Review

International Journal of Obesity (2016) 40, 381–394; doi:10.1038/ijo.2015.177; published online 10 November 2015

Does low-energy sweetener consumption affect energy intake and body weight? A systematic review, including meta-analyses, of the evidence from human and animal studies
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P J Rogers1, P S Hogenkamp2, C de Graaf3, S Higgs4, A Lluch5, A R Ness6, C Penfold6, R Perry6, P Putz7, M R Yeomans8 and D J Mela9

  1. 1School of Experimental Psychology, University of Bristol, Bristol, UK
  2. 2Department of Neuroscience, Uppsala University, Uppsala, Sweden
  3. 3Division of Human Nutrition, Wageningen University, Wageningen, the Netherlands
  4. 4The School of Psychology, University of Birmingham, Birmingham, UK
  5. 5Danone Research, Centre Daniel Carasso, RD, Palaiseau Cedex, France
  6. 6National Institute for Health Research Biomedical Research Unit in Nutrition, Diet and Lifestyle at the University Hospitals Bristol NHS Foundation Trust and the University of Bristol and School of Oral and Dental Sciences, University of Bristol, Level 3, University Hospitals Bristol Education Centre, Bristol, UK
  7. 7European Branch, ILSI Europe a.i.s.b.l., Brussels, Belgium
  8. 8School of Psychology, University of Sussex, Brighton, UK
  9. 9Unilever R&D Vlaardingen, Vlaardingen, the Netherlands

Correspondence: Dr P Putz, European Branch, ILSI Europe a.i.s.b.l., Avenue E. Mounier 83, Box 6, Brussels B-1200, Belgium. E-mail: publications@ilsieurope.be

Received 13 November 2014; Revised 28 August 2015; Accepted 28 August 2015
Accepted article preview online 14 September 2015; Advance online publication 10 November 2015

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Abstract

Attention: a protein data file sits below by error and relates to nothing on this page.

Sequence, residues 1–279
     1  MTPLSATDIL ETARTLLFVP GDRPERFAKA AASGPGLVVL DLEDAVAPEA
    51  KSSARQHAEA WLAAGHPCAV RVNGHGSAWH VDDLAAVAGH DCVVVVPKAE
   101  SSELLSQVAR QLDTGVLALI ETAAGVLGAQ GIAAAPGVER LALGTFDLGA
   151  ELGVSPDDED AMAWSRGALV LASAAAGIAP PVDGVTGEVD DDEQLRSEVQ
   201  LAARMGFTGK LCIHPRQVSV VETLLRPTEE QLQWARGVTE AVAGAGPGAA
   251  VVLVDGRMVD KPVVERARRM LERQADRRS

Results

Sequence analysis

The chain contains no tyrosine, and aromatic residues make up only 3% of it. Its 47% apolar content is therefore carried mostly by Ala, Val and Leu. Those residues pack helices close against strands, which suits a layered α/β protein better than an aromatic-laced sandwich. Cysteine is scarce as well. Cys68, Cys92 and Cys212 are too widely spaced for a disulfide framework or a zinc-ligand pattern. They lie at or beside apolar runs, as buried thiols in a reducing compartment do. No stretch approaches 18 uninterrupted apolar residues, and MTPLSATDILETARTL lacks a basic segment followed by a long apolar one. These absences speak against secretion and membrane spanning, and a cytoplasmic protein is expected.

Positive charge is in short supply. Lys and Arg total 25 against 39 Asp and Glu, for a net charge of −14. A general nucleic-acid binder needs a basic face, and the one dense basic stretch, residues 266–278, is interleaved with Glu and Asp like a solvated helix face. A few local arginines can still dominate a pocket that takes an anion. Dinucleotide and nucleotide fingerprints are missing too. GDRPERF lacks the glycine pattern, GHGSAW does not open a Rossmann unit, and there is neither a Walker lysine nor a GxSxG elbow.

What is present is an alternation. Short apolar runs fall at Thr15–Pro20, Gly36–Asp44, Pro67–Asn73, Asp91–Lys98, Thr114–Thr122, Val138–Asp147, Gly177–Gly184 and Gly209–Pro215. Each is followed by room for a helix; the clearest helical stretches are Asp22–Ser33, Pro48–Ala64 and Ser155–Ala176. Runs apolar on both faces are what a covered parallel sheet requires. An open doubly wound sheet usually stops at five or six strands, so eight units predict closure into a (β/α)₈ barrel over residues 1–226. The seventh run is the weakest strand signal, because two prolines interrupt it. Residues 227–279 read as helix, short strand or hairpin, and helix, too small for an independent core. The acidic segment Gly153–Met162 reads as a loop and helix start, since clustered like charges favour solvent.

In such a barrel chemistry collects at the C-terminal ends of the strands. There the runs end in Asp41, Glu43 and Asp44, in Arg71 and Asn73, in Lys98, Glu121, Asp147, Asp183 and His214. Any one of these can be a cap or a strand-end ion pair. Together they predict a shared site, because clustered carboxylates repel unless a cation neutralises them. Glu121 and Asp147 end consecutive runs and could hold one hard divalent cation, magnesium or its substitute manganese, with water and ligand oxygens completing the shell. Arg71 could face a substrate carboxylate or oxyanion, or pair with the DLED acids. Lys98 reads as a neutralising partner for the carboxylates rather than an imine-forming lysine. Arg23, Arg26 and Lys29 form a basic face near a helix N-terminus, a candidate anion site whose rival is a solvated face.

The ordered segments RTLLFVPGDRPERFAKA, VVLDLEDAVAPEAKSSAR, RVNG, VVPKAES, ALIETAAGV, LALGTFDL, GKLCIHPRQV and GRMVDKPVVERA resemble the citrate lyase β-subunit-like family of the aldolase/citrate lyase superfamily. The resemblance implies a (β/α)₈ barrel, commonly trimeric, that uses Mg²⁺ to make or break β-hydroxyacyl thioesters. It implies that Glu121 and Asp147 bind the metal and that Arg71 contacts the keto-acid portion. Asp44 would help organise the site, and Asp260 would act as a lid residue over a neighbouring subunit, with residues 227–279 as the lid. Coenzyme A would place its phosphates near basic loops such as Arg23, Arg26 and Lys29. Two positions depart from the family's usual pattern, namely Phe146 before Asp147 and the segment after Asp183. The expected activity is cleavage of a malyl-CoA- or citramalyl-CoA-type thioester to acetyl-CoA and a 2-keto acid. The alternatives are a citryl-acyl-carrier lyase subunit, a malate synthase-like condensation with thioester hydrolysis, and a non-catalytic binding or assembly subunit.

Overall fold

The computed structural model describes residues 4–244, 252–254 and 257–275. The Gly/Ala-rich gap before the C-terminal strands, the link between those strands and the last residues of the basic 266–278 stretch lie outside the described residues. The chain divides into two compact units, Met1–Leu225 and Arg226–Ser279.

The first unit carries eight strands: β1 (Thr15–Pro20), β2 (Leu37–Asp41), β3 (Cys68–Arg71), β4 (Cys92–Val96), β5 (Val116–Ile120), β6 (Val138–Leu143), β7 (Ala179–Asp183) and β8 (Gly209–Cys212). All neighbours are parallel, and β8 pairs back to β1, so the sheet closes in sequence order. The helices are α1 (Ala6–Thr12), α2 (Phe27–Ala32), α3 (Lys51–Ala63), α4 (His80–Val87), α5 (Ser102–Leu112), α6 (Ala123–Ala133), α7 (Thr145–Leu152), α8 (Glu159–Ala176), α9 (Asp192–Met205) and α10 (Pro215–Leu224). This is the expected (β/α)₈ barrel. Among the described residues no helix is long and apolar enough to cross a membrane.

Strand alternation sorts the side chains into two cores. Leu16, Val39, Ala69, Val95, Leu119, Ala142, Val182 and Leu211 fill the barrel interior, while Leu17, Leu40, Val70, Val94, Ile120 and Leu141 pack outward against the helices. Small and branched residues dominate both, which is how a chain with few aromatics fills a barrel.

By reducing energy density, low-energy sweeteners (LES) might be expected to reduce energy intake (EI) and body weight (BW). To assess the totality of the evidence testing the null hypothesis that LES exposure (versus sugars or unsweetened alternatives) has no effect on EI or BW, we conducted a systematic review of relevant studies in animals and humans consuming LES with ad libitum access to food energy. In 62 of 90 animal studies exposure to LES did not affect or decreased BW. Of 28 reporting increased BW, 19 compared LES with glucose exposure using a specific ‘learning’ paradigm. Twelve prospective cohort studies in humans reported inconsistent associations between LES use and body mass index (−0.002kgm2 per year, 95% confidence interval (CI) −0.009 to 0.005). Meta-analysis of short-term randomized controlled trials (129 comparisons) showed reduced total EI for LES versus sugar-sweetened food or beverage consumption before an ad libitum meal (−94kcal, 95% CI −122 to −66), with no difference versus water (−2kcal, 95% CI −30 to 26). This was consistent with EI results from sustained intervention randomized controlled trials (10 comparisons). Meta-analysis of sustained intervention randomized controlled trials (4 weeks to 40 months) showed that consumption of LES versus sugar led to relatively reduced BW (nine comparisons; −1.35kg, 95% CI –2.28 to −0.42), and a similar relative reduction in BW versus water (three comparisons; −1.24kg, 95% CI –2.22 to −0.26). Most animal studies did not mimic LES consumption by humans, and reverse causation may influence the results of prospective cohort studies. The preponderance of evidence from all human randomized controlled trials indicates that LES do not increase EI or BW, whether compared with caloric or non-caloric (for example, water) control conditions. Overall, the balance of evidence indicates that use of LES in place of sugar, in children and adults, leads to reduced EI and BW, and possibly also when compared with water.

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